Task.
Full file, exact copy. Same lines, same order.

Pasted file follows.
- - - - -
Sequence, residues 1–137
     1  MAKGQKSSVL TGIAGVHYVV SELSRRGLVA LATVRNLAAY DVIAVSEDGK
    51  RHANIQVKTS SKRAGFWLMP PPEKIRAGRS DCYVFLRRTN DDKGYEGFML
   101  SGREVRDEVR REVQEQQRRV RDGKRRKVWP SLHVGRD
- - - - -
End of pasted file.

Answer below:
Sequence, residues 1–137
     1  MAKGQKSSVL TGIAGVHYVV SELSRRGLVA LATVRNLAAY DVIAVSEDGK
    51  RHANIQVKTS SKRAGFWLMP PPEKIRAGRS DCYVFLRRTN DDKGYEGFML
   101  SGREVRDEVR REVQEQQRRV RDGKRRKVWP SLHVGRD